A multiplexed dna fish strategy for assessing genome architecture in caenorhabditis elegans

Brandon D. Fields, Son C. Nguyen, Guy Nir, Scott Kennedy

Research output: Contribution to journalArticlepeer-review

Abstract

Eukaryotic DNA is highly organized within nuclei and this organization is important for genome function. Fluorescent in situ hybridization (FISH) approaches allow 3D architectures of genomes to be visualized. Scalable FISH technologies, which can be applied to whole animals, are needed to help unravel how genomic architecture regulates, or is regulated by, gene expression during development, growth, reproduction, and aging. Here, we describe a multiplexed DNA FISH Oligopaint library that targets the entire Caenorhabditis elegans genome at chromosome, three megabase, and 500 kb scales. We describe a hybridization strategy that provides flexibility to DNA FISH experiments by coupling a single primary probe synthesis reaction to dye conjugated detection oligos via bridge oligos, eliminating the time and cost typically associated with labeling probe sets for individual experiments. The approach allows visualization of genome organization at varying scales in all/most cells across all stages of development in an intact animal model system.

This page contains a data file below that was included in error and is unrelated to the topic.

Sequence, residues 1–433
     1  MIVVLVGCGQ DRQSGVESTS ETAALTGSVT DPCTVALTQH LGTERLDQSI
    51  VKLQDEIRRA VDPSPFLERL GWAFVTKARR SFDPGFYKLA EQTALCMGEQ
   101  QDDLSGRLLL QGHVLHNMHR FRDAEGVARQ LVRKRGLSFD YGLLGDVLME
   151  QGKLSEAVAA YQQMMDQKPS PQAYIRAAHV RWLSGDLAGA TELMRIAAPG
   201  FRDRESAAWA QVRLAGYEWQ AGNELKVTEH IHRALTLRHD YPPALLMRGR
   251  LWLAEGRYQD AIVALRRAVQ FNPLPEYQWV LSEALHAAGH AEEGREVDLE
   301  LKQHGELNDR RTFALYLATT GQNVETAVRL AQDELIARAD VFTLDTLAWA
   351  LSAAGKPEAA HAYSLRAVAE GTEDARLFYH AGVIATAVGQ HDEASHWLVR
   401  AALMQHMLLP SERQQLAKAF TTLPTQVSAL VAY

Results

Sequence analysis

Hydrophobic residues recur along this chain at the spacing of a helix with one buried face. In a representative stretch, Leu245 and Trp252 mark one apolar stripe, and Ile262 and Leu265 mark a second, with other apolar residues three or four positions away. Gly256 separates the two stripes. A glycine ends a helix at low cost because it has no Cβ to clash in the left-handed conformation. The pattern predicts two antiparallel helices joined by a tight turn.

Original languageEnglish (US)
Article numbere42823
JournaleLife
Volume8
DOIs
StatePublished - May 2019
Externally publishedYes

ASJC Scopus subject areas

  • Neuroscience(all)
  • Immunology and Microbiology(all)
  • Biochemistry, Genetics and Molecular Biology(all)

Fingerprint

Dive into the research topics of 'A multiplexed dna fish strategy for assessing genome architecture in caenorhabditis elegans'. Together they form a unique fingerprint.

Cite this